Meet CUW’s December commencement speaker and Grammy-nominated Lutheran rap artist, FLAME.
Born and raised in the inner city of St. Louis, Missouri, FLAME has been on the Christian music scene since he released his first studio album in 2004. He recently converted from Reformed Baptist theology, a branch of evangelicalism, to Lutheranism and earned a master of arts degree from Concordia Seminary, St. Louis. FLAME tours worldwide and is co-founder of Clear Sight Music, “a boutique record label raising the bar in Christian hip-hop and beyond.”
The artist has released nine albums to date and agreed to answer nine of our most burning questions in advance of his address to graduates at Concordia University Wisconsin’s December commencement ceremony on Saturday, December 17.
1. Where did the moniker “FLAME” come from?
Like the Biblical character Jeremiah, I, too, have been shaped with a fire for speaking Biblical truths, even if it is uncomfortable or when people don’t want to hear it. Jeremiah said, ‘God, I’m not going to make mention of your name anymore, but your word is like a fire shot in my bones.’ I took on the moniker FLAME after learning about Jeremiah as a reminder of my inner fire to speak on behalf of God.
2. Much has been written about your difficult childhood; is where you came from essential to the Grammy-nominated artist you’ve become?
The unique arrangement of things that God exposed me to—the good, the bad, and the ugly—shaped me into a person who sees the world in a way that gives favor to the style of music that I create, the kind of conversations that I have, and the type of emphasis I make in my human expression. I am grateful for all of it.
3. Who are your fans, and what do you bring to their lives?
My fans are rap listeners because the rhythm, poetry, sonic sound, and style fit the genre. They are also people who read, people who think a lot, and people who enjoy thought, discussion, and nuance. They are looking for answers to the disintegration, complexity, and hypocrisy within us, and they want to make sense of it all.
My music bridges lofty theological truths and the lived human experience. I want people ultimately to know that God is for us. He’s kind, He forgives, and we can lean in on him for peace and assurance on the journey.
4. How are you received in the rap community?
In the Christian rap community, I think people enjoy the common themes, things that we all agree with as Christians, and they also appreciate that my content goes beyond what they hear regularly. They like being exposed to academic seminary-type discussions, which is something they may not oftentimes hear or engage in.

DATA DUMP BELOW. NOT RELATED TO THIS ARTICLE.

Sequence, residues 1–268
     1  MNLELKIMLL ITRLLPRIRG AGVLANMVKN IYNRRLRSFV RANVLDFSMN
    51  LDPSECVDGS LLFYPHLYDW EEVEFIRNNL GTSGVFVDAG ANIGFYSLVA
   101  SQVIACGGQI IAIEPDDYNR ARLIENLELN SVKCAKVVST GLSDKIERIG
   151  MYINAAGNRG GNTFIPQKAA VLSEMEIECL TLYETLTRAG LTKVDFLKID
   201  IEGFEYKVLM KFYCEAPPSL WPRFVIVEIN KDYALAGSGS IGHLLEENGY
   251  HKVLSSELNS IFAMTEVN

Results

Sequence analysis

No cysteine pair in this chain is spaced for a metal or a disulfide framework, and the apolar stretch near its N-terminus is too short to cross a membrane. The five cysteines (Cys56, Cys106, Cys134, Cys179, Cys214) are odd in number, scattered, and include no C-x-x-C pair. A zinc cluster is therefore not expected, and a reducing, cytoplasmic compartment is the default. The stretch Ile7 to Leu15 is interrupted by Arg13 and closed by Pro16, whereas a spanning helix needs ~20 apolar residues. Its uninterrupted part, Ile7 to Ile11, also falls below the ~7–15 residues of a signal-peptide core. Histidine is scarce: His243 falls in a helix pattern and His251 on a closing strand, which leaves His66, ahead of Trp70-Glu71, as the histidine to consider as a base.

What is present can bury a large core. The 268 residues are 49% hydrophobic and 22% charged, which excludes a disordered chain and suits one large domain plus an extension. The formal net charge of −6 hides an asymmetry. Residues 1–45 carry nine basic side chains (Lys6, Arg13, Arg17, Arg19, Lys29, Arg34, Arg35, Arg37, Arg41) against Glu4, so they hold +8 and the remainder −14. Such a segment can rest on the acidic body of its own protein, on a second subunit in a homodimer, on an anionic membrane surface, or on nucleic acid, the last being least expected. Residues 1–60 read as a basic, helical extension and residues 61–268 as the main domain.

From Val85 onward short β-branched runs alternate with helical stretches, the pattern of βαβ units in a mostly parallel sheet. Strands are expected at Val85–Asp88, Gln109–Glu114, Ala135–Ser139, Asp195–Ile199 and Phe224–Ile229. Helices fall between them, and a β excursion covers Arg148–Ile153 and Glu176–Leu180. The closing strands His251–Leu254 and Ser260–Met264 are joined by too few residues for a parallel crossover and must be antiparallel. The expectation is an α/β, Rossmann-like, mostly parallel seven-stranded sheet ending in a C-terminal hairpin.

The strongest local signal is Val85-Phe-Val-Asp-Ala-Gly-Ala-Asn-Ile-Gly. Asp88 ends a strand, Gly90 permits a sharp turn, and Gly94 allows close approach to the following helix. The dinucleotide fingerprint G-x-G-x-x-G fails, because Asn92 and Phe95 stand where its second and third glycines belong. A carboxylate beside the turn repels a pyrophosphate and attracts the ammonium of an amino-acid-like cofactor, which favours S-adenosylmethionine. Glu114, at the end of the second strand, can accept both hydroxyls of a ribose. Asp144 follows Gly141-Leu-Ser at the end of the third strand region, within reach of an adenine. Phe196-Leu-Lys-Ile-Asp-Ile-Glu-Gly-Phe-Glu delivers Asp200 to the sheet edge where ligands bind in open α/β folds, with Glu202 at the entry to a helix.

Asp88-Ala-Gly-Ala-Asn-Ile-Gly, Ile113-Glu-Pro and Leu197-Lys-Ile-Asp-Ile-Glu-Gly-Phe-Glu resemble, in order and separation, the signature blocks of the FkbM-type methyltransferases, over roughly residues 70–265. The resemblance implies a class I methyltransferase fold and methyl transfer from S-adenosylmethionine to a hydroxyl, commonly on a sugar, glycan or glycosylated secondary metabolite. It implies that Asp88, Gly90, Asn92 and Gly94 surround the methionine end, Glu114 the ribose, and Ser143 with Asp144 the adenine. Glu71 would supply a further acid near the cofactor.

In the non-Christian rap community. What people appreciate is that I remain true to the genre. In mainstream rap music, people want clear statements of beliefs. I’m clear about my Christian faith, and I understand that life is rough, but then I want to convey that God cares. People respond to my honesty and transparency.
5. Who were the mentors and role models in your life?
Certainly, my grandmother. She gave me the genius idea of taking what I enjoy naturally, which was rap music and then fusing it with my Christianity and my education. Later on, a group called Cross Movement was doing Christian rap in a way that captured my attention. As of late, I’m inspired by the things I’m exposed to on my Lutheran journey, including the Lutheran Reformation and the heroes like Luther, Melanchthon, and Chemnitz.
6. What advice or wisdom do you offer to the graduating class of 2023?
I love that Lutherans have such a beefy understanding of vocation. Commencement is an excellent opportunity for students well-informed in their craft to move into the world. As they do, I hope that they are kind and gentle and that they do great art, great business, great science, and great math for the good of humanity. I want them to remember that they represent Christianity in all they do and that when people marvel at their intelligence and brilliance, they give credit to our God.
7. Our brand platform is Live Uncommon. What does Live Uncommon mean to you?
I love that challenge to take the normalcy of what God calls us to do while living out loud as Lutherans. For Christians, that means to go out and do good in all you do, in all of your contemporary expressions, and do it to glorify God. Help people know that all you do is tied to ancient realities that stemmed from God’s care for the world in Christ Jesus. I love that!
8. How do you connect with non-believers?
We can all share the emotions and the feelings of just being human. And, as we find ourselves in that common space, I can share with them what drives me to smile or create art in a world where I’ve experienced loss, suffering, and pain. My connecting point with Christians and non-Christians is sharing my frailty, humanity, hope, joy, and desire to live and do good in the world.
9. What’s next?
I have so many things! I just completed a book where I’m articulating my journey to Lutheranism. The book is not the didactic, weighty theological waxing you hear in my music; it is about the joys and the lows of my lived experience and how that impacted relationships. I want to continue releasing projects about vocation, law and gospel distinction, confession, and absolution. I’m also working on things that encourage other artists, dancers, stylists, and people in the arts and film to make good art and tell good stories for the sake of the gospel and the good of humanity.
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